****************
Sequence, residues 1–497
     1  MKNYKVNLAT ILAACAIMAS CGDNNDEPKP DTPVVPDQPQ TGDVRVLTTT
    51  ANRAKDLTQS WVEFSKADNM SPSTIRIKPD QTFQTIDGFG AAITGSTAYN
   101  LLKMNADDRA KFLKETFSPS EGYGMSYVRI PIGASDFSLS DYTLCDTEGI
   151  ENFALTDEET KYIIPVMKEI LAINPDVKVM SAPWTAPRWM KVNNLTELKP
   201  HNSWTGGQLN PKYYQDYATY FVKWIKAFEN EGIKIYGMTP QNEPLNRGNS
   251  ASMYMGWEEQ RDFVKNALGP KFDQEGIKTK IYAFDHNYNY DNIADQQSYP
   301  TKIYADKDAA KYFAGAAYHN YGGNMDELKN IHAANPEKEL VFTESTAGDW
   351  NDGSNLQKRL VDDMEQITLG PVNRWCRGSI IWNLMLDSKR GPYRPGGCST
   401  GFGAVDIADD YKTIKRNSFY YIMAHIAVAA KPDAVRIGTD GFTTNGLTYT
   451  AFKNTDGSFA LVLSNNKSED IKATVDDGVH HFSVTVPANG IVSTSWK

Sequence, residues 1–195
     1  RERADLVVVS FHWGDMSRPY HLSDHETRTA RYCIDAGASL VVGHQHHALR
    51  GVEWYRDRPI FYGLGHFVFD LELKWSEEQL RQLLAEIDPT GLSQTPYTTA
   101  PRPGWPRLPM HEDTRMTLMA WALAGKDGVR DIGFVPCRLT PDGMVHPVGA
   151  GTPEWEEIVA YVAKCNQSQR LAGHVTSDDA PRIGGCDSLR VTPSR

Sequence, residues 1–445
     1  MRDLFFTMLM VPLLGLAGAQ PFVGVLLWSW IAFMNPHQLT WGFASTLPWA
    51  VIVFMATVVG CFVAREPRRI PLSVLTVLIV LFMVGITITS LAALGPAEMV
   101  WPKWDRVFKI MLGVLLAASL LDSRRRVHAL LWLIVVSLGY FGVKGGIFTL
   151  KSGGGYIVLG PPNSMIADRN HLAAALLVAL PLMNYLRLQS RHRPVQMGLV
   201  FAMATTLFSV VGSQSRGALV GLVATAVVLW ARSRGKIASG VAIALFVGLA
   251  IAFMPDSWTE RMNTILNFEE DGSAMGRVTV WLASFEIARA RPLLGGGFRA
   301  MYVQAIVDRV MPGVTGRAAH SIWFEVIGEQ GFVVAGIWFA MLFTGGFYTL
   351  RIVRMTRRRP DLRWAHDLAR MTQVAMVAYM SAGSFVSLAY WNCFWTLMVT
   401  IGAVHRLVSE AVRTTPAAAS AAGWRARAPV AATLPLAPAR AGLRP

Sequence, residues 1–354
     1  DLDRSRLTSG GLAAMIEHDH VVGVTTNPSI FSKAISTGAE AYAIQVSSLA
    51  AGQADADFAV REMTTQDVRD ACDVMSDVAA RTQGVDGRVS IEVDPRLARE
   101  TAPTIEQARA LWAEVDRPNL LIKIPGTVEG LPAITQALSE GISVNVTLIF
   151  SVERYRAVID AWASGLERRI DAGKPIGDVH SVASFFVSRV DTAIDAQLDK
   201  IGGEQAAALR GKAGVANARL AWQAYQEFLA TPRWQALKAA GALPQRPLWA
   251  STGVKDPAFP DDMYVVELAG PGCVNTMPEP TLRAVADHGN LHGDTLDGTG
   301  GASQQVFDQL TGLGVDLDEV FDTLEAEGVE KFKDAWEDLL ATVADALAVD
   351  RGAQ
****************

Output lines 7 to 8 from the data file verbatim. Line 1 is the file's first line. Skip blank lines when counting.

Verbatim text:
   251  ASMYMGWEEQ RDFVKNALGP KFDQEGIKTK IYAFDHNYNY DNIADQQSYP
   301  TKIYADKDAA KYFAGAAYHN YGGNMDELKN IHAANPEKEL VFTESTAGDW